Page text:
Selenium nanoparticles (SeNPs) are well-known bioactive compounds. Various chemical and biological methods have been applied to SeNP synthesis. Spirulina platensis is a widely used blue-green microalgae in various industries. In this study, the biosynthesis of SeNPs using sodium selenite and Spirulina platens has been developed. The SeNP synthesis was performed at different cultivation condition including pH and illumination schedule variation. The SeNPs were characterized by FT-IR, XRD, size, and zeta potential measurements, and the antioxidant activities of selected SeNPs were evaluated by DPPH and FRAP assays. FT-IR analysis showed the production of SeNPs. The 12 h dark/12 h light cycles and continuous light exposure at pH 5 led to the production of stable SeNPs with sizes of and  nm, respectively. Antioxidant activity of selected SeNPs was higher than sodium selenite. It seems that green synthesis is a safe method to produce SeNPs as well as a convenient method to scale-up this production.

1. Introduction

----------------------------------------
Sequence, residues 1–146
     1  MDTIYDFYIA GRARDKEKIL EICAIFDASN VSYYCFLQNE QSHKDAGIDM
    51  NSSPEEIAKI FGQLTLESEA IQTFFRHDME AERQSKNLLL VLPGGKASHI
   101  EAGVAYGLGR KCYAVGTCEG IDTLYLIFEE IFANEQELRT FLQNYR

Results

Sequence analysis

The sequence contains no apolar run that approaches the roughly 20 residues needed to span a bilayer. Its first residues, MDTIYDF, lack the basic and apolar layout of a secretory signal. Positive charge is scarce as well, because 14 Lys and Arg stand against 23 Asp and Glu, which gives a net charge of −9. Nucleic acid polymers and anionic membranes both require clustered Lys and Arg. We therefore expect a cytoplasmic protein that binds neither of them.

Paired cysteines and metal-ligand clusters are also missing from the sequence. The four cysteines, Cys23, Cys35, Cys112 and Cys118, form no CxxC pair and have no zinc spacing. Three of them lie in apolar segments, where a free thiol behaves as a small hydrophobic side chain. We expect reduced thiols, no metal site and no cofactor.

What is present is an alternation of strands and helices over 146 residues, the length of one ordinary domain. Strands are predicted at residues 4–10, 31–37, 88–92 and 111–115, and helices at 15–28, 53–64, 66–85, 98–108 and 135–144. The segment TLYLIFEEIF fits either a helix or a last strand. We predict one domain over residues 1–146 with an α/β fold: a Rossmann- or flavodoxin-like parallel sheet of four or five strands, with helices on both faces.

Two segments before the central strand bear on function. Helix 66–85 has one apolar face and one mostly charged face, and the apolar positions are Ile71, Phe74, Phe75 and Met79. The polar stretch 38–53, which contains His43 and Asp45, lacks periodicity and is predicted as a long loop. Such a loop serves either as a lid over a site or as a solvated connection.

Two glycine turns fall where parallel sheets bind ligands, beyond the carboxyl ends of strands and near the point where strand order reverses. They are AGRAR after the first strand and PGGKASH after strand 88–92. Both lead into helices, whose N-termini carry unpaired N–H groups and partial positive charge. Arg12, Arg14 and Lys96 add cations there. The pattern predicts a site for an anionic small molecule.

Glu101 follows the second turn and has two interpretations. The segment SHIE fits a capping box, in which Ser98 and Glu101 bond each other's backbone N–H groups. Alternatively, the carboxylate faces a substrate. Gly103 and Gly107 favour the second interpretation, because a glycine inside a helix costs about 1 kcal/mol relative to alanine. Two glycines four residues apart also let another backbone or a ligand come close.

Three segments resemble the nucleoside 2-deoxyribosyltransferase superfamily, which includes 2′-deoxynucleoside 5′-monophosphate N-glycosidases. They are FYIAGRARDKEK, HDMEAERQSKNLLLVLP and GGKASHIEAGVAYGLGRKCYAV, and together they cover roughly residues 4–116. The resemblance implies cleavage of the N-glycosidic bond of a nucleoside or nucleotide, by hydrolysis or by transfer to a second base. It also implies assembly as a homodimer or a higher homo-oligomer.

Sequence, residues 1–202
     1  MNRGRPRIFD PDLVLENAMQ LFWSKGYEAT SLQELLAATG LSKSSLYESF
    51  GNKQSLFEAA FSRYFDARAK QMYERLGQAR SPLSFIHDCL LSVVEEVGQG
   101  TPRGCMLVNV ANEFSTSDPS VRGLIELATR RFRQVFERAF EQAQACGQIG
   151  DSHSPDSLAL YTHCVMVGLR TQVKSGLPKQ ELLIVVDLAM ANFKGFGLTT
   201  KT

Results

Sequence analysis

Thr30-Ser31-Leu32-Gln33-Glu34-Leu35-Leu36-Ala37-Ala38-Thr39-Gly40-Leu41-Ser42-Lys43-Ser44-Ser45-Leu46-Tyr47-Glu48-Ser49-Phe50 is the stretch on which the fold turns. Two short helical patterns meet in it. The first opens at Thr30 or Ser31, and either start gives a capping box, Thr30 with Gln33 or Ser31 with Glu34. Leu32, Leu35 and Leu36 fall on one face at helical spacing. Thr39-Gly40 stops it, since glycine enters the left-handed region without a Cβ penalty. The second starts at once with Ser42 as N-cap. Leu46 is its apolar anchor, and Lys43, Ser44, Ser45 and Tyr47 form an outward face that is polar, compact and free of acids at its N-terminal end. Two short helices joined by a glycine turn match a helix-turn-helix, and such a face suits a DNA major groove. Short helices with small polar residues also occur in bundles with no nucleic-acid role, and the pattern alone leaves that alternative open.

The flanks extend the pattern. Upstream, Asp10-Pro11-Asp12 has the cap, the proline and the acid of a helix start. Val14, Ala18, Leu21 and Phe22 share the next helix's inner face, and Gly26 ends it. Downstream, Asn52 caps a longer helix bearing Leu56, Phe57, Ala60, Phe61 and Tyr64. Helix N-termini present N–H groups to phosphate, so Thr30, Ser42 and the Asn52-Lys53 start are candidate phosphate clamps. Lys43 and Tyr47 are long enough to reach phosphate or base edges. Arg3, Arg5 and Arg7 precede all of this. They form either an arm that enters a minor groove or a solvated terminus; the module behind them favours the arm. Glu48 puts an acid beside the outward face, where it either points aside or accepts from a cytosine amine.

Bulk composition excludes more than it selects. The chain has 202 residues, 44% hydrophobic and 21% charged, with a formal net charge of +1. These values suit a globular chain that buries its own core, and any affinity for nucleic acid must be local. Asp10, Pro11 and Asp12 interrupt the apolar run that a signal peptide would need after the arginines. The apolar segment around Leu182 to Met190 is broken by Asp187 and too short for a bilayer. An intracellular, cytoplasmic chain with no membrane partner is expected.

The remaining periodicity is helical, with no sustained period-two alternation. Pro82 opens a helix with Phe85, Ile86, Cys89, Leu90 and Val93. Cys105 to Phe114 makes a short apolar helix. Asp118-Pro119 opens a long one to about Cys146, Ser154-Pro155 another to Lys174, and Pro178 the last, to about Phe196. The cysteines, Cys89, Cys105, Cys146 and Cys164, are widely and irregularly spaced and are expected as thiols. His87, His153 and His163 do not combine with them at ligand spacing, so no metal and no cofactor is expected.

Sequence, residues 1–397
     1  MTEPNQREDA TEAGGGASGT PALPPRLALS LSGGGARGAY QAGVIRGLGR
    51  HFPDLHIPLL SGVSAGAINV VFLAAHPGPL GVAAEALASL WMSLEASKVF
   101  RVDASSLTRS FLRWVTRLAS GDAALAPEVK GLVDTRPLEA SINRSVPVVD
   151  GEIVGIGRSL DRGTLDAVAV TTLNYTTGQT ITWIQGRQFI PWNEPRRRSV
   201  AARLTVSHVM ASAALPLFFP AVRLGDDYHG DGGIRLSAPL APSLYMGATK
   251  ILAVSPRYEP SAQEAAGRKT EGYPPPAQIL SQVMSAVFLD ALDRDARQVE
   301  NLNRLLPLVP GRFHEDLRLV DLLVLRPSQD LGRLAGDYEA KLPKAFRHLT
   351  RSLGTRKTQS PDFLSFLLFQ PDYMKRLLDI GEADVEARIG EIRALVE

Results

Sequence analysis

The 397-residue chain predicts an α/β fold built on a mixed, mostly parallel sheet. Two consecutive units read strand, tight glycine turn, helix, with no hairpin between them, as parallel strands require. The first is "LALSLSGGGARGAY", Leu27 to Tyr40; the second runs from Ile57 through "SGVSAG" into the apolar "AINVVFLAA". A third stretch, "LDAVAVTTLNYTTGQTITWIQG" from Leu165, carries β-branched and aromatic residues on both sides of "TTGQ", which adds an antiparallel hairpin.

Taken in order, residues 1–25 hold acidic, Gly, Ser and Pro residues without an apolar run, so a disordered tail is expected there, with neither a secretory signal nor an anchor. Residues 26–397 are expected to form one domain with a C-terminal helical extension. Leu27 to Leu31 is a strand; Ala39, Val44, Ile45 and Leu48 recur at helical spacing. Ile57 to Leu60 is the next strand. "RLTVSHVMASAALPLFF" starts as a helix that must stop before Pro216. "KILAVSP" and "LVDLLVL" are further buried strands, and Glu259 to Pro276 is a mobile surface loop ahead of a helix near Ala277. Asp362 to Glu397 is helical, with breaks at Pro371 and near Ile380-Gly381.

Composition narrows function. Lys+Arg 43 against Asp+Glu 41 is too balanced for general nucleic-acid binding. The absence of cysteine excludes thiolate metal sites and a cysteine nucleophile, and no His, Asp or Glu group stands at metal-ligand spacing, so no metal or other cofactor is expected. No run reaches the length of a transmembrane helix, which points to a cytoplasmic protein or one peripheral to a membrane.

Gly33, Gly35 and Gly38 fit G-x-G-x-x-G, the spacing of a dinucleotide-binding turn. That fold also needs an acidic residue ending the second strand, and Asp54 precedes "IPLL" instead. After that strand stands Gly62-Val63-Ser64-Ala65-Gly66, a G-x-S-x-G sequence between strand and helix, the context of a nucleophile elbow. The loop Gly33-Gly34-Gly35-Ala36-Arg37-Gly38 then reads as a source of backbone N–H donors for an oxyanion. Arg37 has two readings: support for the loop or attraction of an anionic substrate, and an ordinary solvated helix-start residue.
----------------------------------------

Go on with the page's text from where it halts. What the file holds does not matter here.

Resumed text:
Recently, great attention has been directed to selenium as one of the significant dietary supplements. The importance of selenium in human diet comes from the fact that this element is present in the structure of proteins including glutathione peroxidase, thioredoxin reductase, and deiodinases. These enzymes act as scavengers of reactive oxygen spices (ROS) with antioxidant activity [1, 2]. As oxidative stress and ROS play critical roles in several pathological conditions such as cancer, sufficient selenium may act as an effective player in the normal cell proliferation as well as homeostatic mechanisms [2, 3]. Organic and inorganic selenium, including selenite, selenomethionine, and Se-methyl selenocysteine, has been administered commonly in animals and humans with selenium deficiency. Some of the selenium supplements, particularly the inorganic forms, have shown toxicity in higher nutritional doses. Therefore, SeNPs were developed to reduce its toxicity and improve its biological activities [4]. Nowadays, researchers are seeking for the synthesis and production of SeNPs due to their unique properties. Several reports indicated that the red color nanosized form of selenium showed improved in vivo bioavailability and less toxicity compared with the micro or macro forms [5, 6]. Also, the nanoforms of selenium have higher biodegradability and biocompatibility than silver or gold nanoparticles. Interestingly, considerable anticancer and antioxidant activities have been reported for selenium nanoparticles. There are various suggested mechanisms for the anticancer effects of SeNPs such as cell cycle arrest and apoptosis [7, 8]. Also, selenium nanoparticles have been used for wound dressing purposes [9]. Taken together, SeNPs have shown great potential to be used in biomedical applications as well as food supplements.